Results for 2015 include a full year of income from the operations acquired from Hess, whereas 2014 results only include income from those locations in the fourth quarter.
Gasoline and distillate margins increased $401 million from 2014, primarily due to higher volumes resulting from the additional locations acquired as well as higher margins. Gasoline and distillate margins were $0.1823 per gallon in 2015 compared to $0.1775 per gallon in 2014.
Speedway's merchandise margin increased $393 million to $1.4 billion in 2015, primarily due to the increase in a number of locations as well as higher margins on the merchandise sold. Partially offsetting increases in Speedway income from operations for the year were higher operating expenses, primarily attributed to increase in the number of stores.
Turning to Slide 9, as I mentioned, we changed the name of the segment this quarter. Instead of a pipeline transportation segment, we now report a Midstream segment, which continues to include a 100% of MPLX's results, including income contributed by MarkWest since the December 4th merger. The addition of MarkWest is the only change to what is included in the segment.
Midstream segment income was $71 million and $289 million for the fourth quarter and full year 2015 compared with $58 million and $280 million for the comparable periods in 2014. The decrease for the quarter was primarily due to the inclusion of MarkWest from the December 4th merger date and higher income from our pipeline affiliates, partially offset by $26 million of transactions' costs associated with merger.
The increase for the full-year was primarily due to the MarkWest merger and higher transportation revenue resulting from higher average pipeline tariff rates. These favorable impacts were partially offset by $30 million of transactions costs associated with the merger and higher pipeline operating expenses.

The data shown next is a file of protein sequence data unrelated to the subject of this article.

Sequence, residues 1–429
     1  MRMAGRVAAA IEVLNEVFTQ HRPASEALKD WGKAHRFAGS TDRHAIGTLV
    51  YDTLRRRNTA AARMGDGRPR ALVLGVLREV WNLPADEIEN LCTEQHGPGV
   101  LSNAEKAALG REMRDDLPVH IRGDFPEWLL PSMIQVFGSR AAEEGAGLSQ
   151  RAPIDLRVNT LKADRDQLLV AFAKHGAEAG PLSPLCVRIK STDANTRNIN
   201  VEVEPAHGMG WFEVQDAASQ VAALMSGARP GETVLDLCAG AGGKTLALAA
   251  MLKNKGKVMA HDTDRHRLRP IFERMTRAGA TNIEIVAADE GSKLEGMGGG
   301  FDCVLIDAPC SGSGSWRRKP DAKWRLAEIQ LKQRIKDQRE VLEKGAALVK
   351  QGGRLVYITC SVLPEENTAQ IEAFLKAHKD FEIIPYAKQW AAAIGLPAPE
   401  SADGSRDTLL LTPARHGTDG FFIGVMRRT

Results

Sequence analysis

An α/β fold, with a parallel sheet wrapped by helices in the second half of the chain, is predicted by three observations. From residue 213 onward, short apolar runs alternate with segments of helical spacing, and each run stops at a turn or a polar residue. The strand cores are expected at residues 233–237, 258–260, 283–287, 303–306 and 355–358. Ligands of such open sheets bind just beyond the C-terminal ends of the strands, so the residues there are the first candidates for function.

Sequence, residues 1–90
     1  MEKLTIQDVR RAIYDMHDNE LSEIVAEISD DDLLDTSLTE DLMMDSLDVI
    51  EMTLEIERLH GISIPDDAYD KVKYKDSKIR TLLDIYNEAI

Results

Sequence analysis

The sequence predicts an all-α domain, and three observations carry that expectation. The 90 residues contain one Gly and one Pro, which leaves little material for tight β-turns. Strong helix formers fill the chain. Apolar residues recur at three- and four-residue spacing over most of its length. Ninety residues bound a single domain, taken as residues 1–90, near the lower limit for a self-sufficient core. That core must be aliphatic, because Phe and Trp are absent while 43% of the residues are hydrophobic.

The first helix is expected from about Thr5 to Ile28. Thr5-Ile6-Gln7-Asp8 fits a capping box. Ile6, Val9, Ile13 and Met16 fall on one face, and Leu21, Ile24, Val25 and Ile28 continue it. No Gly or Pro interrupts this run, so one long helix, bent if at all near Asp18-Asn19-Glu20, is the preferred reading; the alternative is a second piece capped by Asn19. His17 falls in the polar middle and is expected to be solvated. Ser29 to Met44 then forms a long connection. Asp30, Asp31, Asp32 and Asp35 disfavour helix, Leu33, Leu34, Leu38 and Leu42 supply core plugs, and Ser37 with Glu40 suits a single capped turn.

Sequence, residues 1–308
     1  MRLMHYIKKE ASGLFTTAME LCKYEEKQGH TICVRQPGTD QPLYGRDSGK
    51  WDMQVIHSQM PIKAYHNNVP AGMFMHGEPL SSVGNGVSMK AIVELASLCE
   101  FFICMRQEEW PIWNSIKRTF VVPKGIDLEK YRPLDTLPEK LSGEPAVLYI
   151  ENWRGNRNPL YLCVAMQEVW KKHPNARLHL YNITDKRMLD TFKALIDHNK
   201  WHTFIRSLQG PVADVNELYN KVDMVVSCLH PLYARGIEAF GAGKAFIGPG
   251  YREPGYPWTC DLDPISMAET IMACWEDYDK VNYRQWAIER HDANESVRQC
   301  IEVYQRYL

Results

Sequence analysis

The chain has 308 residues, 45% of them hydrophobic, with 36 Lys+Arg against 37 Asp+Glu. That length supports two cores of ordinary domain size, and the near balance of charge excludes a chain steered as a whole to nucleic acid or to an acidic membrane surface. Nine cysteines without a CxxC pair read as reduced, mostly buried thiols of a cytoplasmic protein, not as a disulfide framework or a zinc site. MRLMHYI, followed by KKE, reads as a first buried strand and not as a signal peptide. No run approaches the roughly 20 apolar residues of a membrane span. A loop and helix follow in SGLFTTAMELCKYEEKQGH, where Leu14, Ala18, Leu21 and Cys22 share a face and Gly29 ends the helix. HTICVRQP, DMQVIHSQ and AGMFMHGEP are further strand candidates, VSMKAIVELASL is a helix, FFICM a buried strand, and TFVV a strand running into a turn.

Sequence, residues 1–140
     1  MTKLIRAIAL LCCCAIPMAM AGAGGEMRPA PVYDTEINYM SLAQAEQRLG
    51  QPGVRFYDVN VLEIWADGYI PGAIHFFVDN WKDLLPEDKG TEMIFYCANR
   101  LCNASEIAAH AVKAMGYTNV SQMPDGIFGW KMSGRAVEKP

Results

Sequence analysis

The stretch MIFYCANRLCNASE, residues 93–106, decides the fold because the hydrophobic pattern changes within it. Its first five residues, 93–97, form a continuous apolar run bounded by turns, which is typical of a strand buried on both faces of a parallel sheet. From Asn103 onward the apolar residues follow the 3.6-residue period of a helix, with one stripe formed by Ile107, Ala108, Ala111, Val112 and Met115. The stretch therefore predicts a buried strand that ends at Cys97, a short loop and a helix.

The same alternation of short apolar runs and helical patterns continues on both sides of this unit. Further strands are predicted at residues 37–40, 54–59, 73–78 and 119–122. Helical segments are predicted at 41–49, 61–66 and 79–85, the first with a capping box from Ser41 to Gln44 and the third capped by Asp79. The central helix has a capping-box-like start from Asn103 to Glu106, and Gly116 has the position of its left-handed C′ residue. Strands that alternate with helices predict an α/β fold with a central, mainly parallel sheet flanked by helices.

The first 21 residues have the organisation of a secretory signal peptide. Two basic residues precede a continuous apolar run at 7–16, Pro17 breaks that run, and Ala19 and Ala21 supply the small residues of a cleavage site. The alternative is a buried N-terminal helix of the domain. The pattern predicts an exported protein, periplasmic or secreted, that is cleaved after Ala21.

Slide 10, presents the significant drivers of changes in our cash flow for the fourth quarter of 2015. At December 31st, our cash balance was $1.1 billion.
Operating cash flow before changes in working capital was $1.2 billion source of cash. The $343 million use of working capital noted on the slide, primarily relates to $693 million decrease in accounts payable and accrued liabilities, partially offset by $361 million decrease in accounts receivable. The decreases in accounts payable and accounts receivable were primarily due to the significant drop in crude and refined product prices during the quarter.
We completed a $1.5 billion public debt offering during the quarter, of which a little more than half was used to extinguish our obligation for the March 2016, 3.5% notes. These new notes, net of some pay down on the MPLX revolver resulted in the $655 million net source of financing cash shown in long-term debt here.
Cash flow was also impacted by the approximately $1.2 billion paid to former MarkWest unitholders as part of the transaction consideration during the quarter, which is shown separately on the graph.
As Gary highlighted, we continue delivering our commitment to balance investments in the business with return of capital to our shareholders. We returned a total of $362 million to shareholders in the fourth quarter bringing the total for the year to $1.6 billion.